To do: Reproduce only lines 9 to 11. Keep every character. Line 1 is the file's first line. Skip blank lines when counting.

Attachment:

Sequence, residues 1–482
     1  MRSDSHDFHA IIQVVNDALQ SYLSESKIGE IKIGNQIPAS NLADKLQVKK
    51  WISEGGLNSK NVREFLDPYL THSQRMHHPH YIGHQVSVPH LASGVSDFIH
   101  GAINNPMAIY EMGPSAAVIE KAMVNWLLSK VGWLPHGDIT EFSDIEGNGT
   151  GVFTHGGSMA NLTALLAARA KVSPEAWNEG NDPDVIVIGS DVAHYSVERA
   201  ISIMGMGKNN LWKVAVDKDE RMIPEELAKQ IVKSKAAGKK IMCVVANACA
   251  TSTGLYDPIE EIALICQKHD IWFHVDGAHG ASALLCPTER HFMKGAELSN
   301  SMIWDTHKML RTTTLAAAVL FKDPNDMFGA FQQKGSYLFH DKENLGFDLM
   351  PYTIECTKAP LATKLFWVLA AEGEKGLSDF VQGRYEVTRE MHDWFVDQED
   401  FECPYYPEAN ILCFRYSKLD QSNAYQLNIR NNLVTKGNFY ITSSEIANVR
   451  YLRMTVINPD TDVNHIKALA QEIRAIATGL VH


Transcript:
   351  PYTIECTKAP LATKLFWVLA AEGEKGLSDF VQGRYEVTRE MHDWFVDQED
   401  FECPYYPEAN ILCFRYSKLD QSNAYQLNIR NNLVTKGNFY ITSSEIANVR
   451  YLRMTVINPD TDVNHIKALA QEIRAIATGL VH